Overweening Generalist

Thursday, March 17, 2016

Every Last Tie, by David Kaczynski: Review

David Kaczynski, brother of Theodore, AKA, "The Unabomber," has written a memoir subtitled, "The Story of the Unabomber and His Family." It's Dostoeyevskian but all-too true. I've been fascinated with Ted Kaczynski since a few years before he got busted, and in all my readings the thing that bothered me most were the tropes explaining Ted as "evil," and his brother's book rectifies this. It's a much-needed book in the Unabomber literature and it's filled with Buddhist compassion.

                             Ted Kaczynksi, with parrot on his shoulder, his little brother 
                             David at his side. This was their mother's favorite photo of them,
                             although the cover of David's book doesn't cut his face in half.

While the book is filled with the sorrow and psychic weight of a family member who turned out to be a serial killer, it sheds light on mental illness in Unistat and lends insight into a mind like Ted's that only a brother could. In a 26-page Afterword by David's friend, James L. Knoll, another Buddhist but also a Forensic Psychiatrist, we're invited to practice "forensic empathy" in order to put oneself in the mind of someone of a schizoid personality, which comes closest to a diagnosis of Theodore Kaczynski.

The schizoid craves human intimacy but is filled with terror over the possibility of humiliation or exploitation of their emotions by others. They desperately need but at the same time cannot allow themselves to have what they need. Knoll brilliantly contrasts the semantics of Buddhist's "attachment" and Psychology's "attachment," which has to do with the at times profound influence on infants of their caregivers.

When Ted was nine months old, he broke out in a rash that covered his body. At the hospital, Ted was separated from his parents, who were only allowed to see him every other day. David's mother told him, "I remember how your brother screamed in terror when I had to hand him over to the nurse and she took him away to another room."

Knoll elaborates on the schizoid personality - which is not the same as the "hearing voices" paranoid schizophrenic. (That was my brother.): "Such individuals inevitably choose the only 'reasonable' route: isolation and inwardness." Knoll notes that such suffering can be found in ordinary persons, and in writers such as Beckett, Kafka and Salinger. With time and distance, the ability to check one's own well-being becomes inaccessible, and their inner struggles constantly echo in their own minds, in self-imposed isolation.

David Kaczynski paints his family as lower-middle class secular Jews: intensely rational and progressive intellectually. When Ted threatened to kill more if the New York Times and Washington Post didn't print his Manifesto, someone at the Post read what "The Unabomber" had to say about progressive leftists in Unistat. This unnamed person found the serial killer so harsh toward US liberals that Unabomber was at first thought to be a "neoconservative." In fact, Ted was intensely technophobic and thought liberals were more to blame for the technology that was destroying Nature.

Ted was also reacting against his family. After he disappeared into the Montana woods for good, he at first sent long letters home to his parents and his brother. These letters gradually become emotionally violent toward his parents, who by all accounts were loving, nurturing people. In 1977 he sent his parents a 23 page letter accusing them of emotional abuse, filled with details from childhood of, as David writes, an "immense, dark tapestry of rejection and humiliation." Like when mom yelled at Ted for throwing his dirty socks under the bed. His parents were devastated but continued to their dying days to worry about Ted's well-being.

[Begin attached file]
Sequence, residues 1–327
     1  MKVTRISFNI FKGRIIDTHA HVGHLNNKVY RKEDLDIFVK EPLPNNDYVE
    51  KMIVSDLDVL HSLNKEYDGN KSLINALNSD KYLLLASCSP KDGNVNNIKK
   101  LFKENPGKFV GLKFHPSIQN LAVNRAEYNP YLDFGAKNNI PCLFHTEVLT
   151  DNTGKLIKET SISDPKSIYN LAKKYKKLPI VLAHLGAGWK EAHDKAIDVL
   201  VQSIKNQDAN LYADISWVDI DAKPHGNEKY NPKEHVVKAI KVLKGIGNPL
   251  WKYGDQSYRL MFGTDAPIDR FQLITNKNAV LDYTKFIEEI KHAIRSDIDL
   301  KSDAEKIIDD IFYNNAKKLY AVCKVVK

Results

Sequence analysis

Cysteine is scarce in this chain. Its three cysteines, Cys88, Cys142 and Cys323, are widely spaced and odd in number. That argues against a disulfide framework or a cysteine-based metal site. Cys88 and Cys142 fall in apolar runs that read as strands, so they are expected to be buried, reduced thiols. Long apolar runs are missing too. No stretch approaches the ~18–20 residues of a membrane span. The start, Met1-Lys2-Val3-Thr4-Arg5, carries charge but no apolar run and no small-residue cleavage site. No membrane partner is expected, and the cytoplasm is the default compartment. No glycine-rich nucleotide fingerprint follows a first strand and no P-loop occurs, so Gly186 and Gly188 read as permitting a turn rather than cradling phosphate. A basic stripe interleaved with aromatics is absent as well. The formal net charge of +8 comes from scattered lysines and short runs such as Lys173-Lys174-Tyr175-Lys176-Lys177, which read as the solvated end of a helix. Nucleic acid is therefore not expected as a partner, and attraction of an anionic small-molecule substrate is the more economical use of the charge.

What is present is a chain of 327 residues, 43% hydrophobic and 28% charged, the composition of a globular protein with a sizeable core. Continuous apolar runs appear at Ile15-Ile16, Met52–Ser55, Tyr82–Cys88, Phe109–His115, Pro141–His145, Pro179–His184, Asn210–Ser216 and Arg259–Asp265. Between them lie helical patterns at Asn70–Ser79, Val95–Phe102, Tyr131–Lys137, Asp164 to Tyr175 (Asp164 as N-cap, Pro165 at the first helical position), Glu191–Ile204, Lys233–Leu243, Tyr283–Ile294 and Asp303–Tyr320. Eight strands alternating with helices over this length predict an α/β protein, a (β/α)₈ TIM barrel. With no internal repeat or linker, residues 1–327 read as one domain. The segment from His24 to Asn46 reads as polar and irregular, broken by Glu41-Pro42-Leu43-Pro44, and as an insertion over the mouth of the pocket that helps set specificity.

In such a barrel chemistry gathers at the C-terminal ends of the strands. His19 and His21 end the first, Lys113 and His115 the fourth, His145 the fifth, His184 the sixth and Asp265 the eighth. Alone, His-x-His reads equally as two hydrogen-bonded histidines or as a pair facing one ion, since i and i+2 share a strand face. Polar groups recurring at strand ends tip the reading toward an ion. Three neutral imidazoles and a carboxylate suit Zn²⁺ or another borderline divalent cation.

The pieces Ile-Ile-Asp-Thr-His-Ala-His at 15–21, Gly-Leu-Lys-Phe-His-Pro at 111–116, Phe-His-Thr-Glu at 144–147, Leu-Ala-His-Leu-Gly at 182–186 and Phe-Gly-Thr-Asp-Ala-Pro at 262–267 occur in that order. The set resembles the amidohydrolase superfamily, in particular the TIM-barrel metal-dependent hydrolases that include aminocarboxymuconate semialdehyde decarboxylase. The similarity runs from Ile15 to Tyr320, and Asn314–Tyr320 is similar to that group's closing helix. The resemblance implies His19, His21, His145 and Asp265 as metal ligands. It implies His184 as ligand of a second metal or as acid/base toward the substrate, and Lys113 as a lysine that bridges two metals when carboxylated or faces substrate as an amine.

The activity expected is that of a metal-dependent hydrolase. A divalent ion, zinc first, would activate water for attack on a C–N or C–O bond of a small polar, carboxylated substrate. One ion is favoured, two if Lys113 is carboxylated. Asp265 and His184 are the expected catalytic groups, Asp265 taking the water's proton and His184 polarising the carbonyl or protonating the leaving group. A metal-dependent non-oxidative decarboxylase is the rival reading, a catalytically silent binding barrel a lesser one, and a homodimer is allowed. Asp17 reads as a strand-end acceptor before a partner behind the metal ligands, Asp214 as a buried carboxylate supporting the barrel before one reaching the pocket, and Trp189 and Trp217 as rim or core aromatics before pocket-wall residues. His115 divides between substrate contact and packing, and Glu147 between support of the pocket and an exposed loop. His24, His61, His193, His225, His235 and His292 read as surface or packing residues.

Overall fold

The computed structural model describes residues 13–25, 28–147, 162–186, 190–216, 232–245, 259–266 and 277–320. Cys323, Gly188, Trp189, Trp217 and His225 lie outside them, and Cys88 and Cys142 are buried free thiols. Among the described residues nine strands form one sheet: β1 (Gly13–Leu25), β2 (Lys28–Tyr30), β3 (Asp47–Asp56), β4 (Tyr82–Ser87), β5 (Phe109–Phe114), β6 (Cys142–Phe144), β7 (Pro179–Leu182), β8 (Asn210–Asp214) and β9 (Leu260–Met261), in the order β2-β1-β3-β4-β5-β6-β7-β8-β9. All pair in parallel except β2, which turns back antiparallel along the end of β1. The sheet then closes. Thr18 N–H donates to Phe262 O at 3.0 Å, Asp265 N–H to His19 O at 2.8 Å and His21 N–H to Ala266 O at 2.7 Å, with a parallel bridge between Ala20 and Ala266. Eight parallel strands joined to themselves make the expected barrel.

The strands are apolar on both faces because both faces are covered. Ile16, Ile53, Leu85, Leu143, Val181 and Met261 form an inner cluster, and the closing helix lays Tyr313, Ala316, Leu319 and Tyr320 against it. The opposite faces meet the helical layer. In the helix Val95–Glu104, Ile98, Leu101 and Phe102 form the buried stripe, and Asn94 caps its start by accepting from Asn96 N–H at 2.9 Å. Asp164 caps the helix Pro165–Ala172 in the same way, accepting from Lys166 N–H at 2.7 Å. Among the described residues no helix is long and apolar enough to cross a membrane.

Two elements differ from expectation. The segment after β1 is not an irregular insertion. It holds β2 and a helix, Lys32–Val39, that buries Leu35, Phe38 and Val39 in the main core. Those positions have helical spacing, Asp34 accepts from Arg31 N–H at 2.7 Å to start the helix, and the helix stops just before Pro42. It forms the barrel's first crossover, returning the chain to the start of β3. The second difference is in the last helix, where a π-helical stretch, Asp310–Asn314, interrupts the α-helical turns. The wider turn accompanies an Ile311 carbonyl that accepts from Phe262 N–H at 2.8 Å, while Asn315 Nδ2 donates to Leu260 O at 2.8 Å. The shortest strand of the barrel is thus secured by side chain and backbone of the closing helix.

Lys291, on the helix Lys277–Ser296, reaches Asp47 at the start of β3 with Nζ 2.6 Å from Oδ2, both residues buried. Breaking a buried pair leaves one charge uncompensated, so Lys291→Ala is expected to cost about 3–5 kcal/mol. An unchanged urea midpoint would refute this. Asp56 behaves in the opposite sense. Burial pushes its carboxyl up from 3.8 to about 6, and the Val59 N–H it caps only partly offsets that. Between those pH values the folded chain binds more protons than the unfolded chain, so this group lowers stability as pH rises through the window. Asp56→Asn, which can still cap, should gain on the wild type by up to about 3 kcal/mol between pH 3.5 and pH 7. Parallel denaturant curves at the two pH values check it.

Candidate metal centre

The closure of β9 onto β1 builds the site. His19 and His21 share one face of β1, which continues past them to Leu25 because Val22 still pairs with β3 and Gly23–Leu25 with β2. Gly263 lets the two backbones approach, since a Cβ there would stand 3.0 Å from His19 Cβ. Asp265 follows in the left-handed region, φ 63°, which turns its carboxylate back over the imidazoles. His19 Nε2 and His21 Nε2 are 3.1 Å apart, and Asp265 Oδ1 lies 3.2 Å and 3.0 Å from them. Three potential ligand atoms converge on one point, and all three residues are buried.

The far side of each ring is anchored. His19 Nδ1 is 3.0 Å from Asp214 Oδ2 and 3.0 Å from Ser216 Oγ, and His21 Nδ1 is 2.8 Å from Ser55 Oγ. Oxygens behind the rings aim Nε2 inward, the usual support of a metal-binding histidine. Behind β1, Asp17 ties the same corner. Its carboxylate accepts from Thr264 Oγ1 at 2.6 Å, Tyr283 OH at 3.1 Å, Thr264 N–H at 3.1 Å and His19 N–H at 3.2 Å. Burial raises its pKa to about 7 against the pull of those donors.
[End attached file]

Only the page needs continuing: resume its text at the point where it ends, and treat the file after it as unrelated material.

David always looked up to older brother Ted, who was always the most brilliant student in class. It's one of the darkest moments in the book, for me, when, David writes to Ted that he'd like to come visit him again in the woods. It had been a long time. Two weeks later a reply arrived:

I get just choked with frustration at my inability to get our stinking family off my back once and for all, and "stinking family" emphatically includes you. I DON'T EVER WANT TO SEE YOU OR HEAR FROM YOU, OR ANY OTHER MEMBER OF OUR FAMILY, AGAIN.

This was at the point when Linda, David's wife who had never met Ted but who listened to the family talk about him, had brought up the idea that Ted might be the Unabomber. David didn't really watch TV (he himself spent eight years alone in the wilderness, in West Texas) and had barely heard the word "Unabomber." Linda convinced David to read the Manifesto to look for tones, word choice, or a voice that reminded him of his brother. Or not. The very first time David ever used Internet (1995) was in a college library, reading the Manifesto. He and Linda walked out, and he whispered to her, nervously, "To be honest with you, some parts of it do sound like him..." He told Linda he'd estimate there's one chance in a thousand that Ted was the Unabomber.

After holing up together after work night after night, Linda and David reading the stacks of old letters from Ted and the Manifesto, David eventually thought there was a 50/50 chance his brother was the ingenious serial killer. Linda, a Philosophy professor, reminded David of Plato's dialogue Gorgias, in which Socrates argues that treating others unjustly harms the perpetrator too, not just the victims. The FBI gets called in, then a media frenzy, and a grappling with stigma, which the pioneering sociologist Erving Goffman defined as "a process by which the reaction of others spoils normal identity."